Full text: Progress in China's Human Rights in 2012

Updated: 2013-05-14 12:45

(Xinhua)

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IV. Protection of Human Rights in Social Development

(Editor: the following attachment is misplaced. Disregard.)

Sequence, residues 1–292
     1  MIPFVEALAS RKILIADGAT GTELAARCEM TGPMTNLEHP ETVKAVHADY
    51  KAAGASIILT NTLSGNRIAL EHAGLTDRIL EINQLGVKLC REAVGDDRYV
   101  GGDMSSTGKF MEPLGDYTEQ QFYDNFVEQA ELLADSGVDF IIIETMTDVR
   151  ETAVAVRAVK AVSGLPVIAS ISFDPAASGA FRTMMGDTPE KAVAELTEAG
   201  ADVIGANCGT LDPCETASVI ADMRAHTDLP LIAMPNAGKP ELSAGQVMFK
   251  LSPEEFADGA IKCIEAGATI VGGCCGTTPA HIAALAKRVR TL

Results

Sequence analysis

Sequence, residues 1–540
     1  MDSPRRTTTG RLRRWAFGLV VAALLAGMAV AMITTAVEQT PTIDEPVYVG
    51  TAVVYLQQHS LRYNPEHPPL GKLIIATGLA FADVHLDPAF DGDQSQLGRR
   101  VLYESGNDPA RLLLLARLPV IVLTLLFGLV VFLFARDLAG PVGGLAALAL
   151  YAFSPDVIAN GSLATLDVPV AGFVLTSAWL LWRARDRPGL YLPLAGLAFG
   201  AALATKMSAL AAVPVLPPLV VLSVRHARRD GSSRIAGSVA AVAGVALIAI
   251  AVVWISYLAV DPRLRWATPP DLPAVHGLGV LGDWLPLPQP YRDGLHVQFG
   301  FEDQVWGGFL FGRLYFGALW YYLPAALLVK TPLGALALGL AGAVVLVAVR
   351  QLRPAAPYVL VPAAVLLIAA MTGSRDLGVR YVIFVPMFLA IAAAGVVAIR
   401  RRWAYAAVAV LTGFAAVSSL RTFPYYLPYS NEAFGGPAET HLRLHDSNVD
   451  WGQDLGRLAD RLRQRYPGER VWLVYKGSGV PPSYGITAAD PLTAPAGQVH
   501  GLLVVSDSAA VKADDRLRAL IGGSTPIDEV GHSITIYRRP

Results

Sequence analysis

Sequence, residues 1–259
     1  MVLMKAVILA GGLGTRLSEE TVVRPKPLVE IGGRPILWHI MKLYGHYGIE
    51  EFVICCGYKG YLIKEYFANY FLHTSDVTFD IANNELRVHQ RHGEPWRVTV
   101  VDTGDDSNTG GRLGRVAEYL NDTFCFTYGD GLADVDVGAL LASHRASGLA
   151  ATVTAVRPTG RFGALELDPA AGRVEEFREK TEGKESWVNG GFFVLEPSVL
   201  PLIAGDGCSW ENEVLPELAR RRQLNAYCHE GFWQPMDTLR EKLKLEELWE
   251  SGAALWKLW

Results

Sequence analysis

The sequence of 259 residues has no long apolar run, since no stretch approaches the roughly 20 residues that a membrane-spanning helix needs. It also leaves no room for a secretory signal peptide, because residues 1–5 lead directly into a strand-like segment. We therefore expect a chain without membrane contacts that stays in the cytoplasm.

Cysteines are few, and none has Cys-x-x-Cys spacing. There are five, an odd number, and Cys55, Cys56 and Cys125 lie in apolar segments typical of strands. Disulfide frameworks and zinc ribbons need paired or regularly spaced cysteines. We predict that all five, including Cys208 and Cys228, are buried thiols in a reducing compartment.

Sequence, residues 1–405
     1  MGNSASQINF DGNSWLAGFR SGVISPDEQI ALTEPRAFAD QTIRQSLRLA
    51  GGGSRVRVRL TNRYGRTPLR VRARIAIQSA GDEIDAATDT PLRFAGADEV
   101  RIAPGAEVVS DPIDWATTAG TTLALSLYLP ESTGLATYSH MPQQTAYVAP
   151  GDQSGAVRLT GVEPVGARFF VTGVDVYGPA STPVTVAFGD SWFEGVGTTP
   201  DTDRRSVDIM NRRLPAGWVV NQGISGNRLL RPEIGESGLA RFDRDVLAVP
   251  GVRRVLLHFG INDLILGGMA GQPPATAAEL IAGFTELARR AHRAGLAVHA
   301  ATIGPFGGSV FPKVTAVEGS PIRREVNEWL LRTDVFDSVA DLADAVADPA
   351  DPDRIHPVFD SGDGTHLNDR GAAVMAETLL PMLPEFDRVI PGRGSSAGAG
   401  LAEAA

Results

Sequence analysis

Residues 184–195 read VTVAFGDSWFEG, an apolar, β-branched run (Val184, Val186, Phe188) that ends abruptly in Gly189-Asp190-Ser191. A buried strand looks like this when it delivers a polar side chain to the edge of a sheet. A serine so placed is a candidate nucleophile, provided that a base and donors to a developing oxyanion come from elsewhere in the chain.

In recent years, China has kept strengthening its social development, effectively solving the most practical problems of the utmost and immediate concern to the people, and safeguarding their fundamental interests. People's rights to social security, health and education are thus better protected. In social development, the focus of attention has been placed on protecting and improving the people's livelihood, while further efforts have been made to improve the basic public services system, which has resulted in marked improvement in the basic public services level and equal access to such services, rapid progress of education, significant advance in social security, basic realization of universal coverage of medical care, accelerated construction of affordable housing, and a more harmonious and stable society.